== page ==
MVP Map

Proposed route of the Mountain Valley Pipeline.

The federal government gave its go-ahead Monday for construction of the Mountain Valley Pipeline to start in West Virginia.

Although the Federal Energy Regulatory Commission’s approval was limited to work on access roads and construction yards in five West Virginia counties, it marked the first time Mountain Valley has met all the requirements for preliminary construction to begin anywhere along the 303-mile route of its natural gas pipeline.

FERC has yet to take a similar action for the Virginia section of the interstate pipeline, which would pass through the Roanoke and New River valleys.

“Tree felling, only as needed, will begin as soon as practical” in the approved West Virginia areas, Mountain Valley spokeswoman Natalie Cox wrote in an email.

In a letter dated Monday, FERC granted the company permission to start work on six construction yards and 93 access roads in Wetzel County, where the pipeline will originate, and four West Virginia counties to the south.

“This letter does not authorize any construction activities anywhere else within the project area,” wrote James Martin, a branch chief of FERC’s Division of Gas-Environment and Engineering.

When it granted a key approval for the pipeline in October, FERC found there was a public need for the natural gas that will be transported at high pressure from northern West Virginia to Pittsylvania County in Southside Virginia.

But Mountain Valley was required to obtain approvals from additional state and federal agencies, while also demonstrating that it had met other conditions in the FERC order, before it could obtain what’s called a notice to proceed — which was granted in part on Monday.

The notice was a step forward for the company and one backward for pipeline opponents in Virginia, where legal challenges are pending and at least two state agencies have yet to sign off on the project.

“It’s like the proverbial avalanche,” Norfolk attorney Chuck Lollar said. “Once you get it going, how hard is it to slow it down or stop it? Pretty daggone hard.”

Lollar represents a group of Southwest Virginia landowners who are fighting Mountain Valley’s attempts to use the process of eminent domain to obtain forced easements for the pipeline to cross their property.

A decision by U.S. District Court Judge Elizabeth Dillon is expected in the coming days. Mountain Valley has said in court filings that it hopes to begin tree-cutting and other preliminary work in Virginia by Feb. 1.

Meanwhile, FERC recently granted a request for a similar project, the Atlantic Coast Pipeline, to begin cutting trees along that pipeline’s route through West Virginia and Central Virginia.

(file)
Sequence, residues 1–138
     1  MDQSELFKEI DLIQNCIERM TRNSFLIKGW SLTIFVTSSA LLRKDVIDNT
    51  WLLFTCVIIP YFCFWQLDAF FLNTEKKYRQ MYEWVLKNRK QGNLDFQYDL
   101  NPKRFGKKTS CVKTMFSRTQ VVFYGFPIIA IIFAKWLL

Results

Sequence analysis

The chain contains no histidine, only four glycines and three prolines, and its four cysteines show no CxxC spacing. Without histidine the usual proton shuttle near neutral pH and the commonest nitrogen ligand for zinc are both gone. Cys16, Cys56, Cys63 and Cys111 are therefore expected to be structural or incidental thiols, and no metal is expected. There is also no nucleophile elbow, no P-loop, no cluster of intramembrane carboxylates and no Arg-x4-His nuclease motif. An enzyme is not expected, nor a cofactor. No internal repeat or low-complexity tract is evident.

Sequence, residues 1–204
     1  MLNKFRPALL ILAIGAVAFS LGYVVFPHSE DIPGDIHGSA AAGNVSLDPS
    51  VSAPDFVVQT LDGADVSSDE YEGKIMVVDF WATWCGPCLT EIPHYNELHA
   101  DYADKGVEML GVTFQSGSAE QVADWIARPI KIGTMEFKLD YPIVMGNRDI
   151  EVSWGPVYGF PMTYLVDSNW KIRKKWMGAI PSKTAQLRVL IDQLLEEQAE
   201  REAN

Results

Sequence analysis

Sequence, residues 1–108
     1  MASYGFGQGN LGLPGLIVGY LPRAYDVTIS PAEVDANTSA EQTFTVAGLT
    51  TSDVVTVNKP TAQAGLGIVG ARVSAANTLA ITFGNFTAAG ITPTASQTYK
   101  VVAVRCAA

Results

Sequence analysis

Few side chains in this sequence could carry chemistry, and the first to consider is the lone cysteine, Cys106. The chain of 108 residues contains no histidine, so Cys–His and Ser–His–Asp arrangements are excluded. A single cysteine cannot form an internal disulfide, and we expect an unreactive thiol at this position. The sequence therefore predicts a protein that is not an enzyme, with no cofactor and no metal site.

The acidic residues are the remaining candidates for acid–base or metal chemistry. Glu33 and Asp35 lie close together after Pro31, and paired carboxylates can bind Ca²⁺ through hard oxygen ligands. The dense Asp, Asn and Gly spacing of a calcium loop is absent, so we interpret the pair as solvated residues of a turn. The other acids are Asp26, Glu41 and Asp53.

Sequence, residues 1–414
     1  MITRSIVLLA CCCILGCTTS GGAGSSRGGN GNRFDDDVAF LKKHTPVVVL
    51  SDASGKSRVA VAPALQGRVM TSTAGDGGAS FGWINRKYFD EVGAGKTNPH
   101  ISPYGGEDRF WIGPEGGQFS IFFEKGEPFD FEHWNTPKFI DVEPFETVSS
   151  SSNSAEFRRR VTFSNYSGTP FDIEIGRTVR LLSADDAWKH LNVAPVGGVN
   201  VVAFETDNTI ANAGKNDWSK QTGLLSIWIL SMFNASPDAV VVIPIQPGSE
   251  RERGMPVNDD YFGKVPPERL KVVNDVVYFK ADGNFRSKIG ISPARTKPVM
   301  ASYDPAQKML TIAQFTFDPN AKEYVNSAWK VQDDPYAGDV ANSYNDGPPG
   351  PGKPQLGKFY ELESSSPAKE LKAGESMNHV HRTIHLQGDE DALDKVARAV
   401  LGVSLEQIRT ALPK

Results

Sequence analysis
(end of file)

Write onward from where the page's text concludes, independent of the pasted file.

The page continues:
Because additional permits are needed for land-disturbance work such as clearing and stump removal, the trees will be left where they fall until further notice from the government.

Tree-cutting in West Virginia for the Mountain Valley construction yards and access roads is not expected to be as widespread. The company has not yet asked for permission for major tree-cutting along the pipeline’s right of way, FERC spokeswoman Tamara Young-Allen said.

Both projects face a narrow window to have trees on the ground by no later than March 31, a deadline imposed by federal wildlife protections. If the trees are not down by early spring, when threatened bats emerge from hibernation caves and begin to roost in trees, construction would have to wait until the following November.

An Atlantic Coast Pipeline spokesman said last week that pre-construction work, such as tree-cutting, is expected to begin within days.

That announcement was quickly followed by word from an anti-pipeline group that it was forming a citizen initiative to monitor the work. Dubbed Pipeline CSI, for Compliance Surveillance Initiative, the effort’s goal is to ensure strict enforcement of environmental regulations.

Pipeline opponents say clearing land and digging trenches along steep mountain slopes and across streams will unearth sediment and perhaps harmful chemicals that would be washed downstream, contaminating private wells and public water supplies.

“We will continue to challenge the government decisions involving the project,” said Rick Webb of the Dominion Pipeline Monitoring Coalition, who is heading development of the new program.

“But, with certain pre-construction activities already underway, citizen oversight is essential given the limited resources of government agencies that are responsible for regulating pipeline construction.”

While it appears that construction of the Mountain Valley Pipeline will start first in West Virginia, the process is being watched closely in Virginia.

Shortly after Mountain Valley asked FERC to issue a notice to proceed in West Virginia in early January, Roanoke County filed an objection with the federal agency.

Joined by Giles and Craig counties, Roanoke County officials cited “the irreparable harm that project construction posed to forested lands and groundwater sources” when it asked FERC to reconsider its Oct. 13 approval of the pipeline.

FERC has delayed indefinitely a decision on whether to hold a rehearing in the case, a move that prohibits a legal challenge of its order while allowing construction to proceed.

That “would be most unjust,” lawyers for Roanoke County argued in opposing the notice to proceed that was issued Monday.

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Laurence Hammack covers environmental issues, including the Mountain Valley Pipeline, and business and enterprise stories. He has been a reporter for The Roanoke Times for more than three decades.

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